10. ErikTheRed:

    Yeah, the locks on most residences (and businesses) aren't much better than the privacy locks on a bathroom. More challenging locks (like the Mul-T-Lock MT5+) aren't stupidly expensive. Most homes can be outfitted for between a couple of hundred and a thousand dollars. Of course, you still need good doors & windows...

  11. Jim:

    Ex post deterrence won't work if it is about impossible to prosecute anyone hiding their identity, eg through a VPN. But heck if it works, if nobody or almost nobody goes rogue what the hey.

  12. Fred_Z:

    Nobody forces anyone to accept welfare. So why is their database not open to the public?

  13. irandom419:

    A story awhile back where someone showed a bank that they neglected to secure their website, so they had the FBI arrest him.

  14. mahtso:

    I've got to admit, I don't see the relationship.

  15. Old Dude:

    Force is a complex word.

    Many (most ?) public and many private businesses, here in CA, will not do business with a Sole Proprietorship or Partnership. This is to protect themselves from lawsuits by contracted service providers who later claim to be employees. Courts settlements have made contracting with individuals very risky and so Public Agencies and Private Businesses just avoid it.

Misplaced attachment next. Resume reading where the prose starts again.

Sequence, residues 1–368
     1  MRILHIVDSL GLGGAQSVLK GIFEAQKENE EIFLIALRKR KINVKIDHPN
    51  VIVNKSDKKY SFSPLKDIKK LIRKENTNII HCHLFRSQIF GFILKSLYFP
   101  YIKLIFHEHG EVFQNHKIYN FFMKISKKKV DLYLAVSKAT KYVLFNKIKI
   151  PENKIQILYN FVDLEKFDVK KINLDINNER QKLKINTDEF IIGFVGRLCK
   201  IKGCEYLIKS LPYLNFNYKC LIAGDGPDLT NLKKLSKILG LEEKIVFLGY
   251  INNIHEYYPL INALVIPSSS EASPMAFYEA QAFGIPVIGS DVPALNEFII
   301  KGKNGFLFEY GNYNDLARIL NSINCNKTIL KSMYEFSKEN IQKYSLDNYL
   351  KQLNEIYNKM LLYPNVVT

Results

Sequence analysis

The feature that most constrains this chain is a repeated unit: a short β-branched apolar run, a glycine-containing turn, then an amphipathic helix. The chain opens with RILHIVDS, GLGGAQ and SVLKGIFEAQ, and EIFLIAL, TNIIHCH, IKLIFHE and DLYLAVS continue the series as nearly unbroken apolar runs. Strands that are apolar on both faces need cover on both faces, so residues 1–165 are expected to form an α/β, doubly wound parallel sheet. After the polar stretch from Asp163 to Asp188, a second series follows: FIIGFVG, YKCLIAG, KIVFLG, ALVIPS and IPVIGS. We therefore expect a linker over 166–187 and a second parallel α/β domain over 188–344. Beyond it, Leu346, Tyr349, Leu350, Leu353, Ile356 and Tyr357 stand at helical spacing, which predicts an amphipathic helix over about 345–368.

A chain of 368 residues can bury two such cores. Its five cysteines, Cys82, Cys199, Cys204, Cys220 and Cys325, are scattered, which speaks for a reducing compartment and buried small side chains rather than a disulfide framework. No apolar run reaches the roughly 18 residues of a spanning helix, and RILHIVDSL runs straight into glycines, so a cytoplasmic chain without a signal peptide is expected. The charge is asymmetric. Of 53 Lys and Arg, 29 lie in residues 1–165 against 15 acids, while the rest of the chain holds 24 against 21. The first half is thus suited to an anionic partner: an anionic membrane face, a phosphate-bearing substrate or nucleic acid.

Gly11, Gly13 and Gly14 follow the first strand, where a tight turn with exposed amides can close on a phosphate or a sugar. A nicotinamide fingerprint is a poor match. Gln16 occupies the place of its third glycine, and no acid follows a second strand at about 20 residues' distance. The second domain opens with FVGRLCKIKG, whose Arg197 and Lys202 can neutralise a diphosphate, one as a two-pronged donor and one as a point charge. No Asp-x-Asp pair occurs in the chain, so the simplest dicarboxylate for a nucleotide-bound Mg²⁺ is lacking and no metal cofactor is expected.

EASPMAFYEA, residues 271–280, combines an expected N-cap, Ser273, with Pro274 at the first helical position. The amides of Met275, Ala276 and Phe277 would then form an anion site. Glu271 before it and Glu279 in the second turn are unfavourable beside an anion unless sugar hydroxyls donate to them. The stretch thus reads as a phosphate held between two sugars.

In many situations you can't enter the facility (to bid on work) unless you can show that you are the employee of a corporation and are covered under Worker's Compensation. This too is the result of complex case law.

    The situation is the same for much of the software industry. They won't hire Independent Contractors. You have to be employed by an LLC/Corps (even if you are the only employee).

    I have also heard that renting commercial or retail space is difficult as a Sole Proprietor.

    So I while I agree that no one is forced to become an LLC/Corp it gets harder every year to find customers willing to engage the services of non-corps.

  16. Orion Henderson:

    My state does it exactly the same way. Ridiculous.

  17. Old Dude:

    I see this much like the Voter Fraud issue. Our elected officials say there is essentially no voter fraud and so no need to check IDs. Then when we see documentation showing dead people, non-citizens, or people voting multiple times we are told that those people will be prosecuted. Then we learn they were not prosecuted because we can't identify them since they did not have to show ID to vote. Problem solved, Loop closed - repeat.